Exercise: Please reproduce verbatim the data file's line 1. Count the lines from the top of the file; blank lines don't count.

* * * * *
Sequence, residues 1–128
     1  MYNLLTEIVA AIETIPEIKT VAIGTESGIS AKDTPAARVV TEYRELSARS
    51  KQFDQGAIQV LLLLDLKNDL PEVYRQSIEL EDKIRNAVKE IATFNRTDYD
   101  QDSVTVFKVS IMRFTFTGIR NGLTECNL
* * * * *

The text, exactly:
Sequence, residues 1–128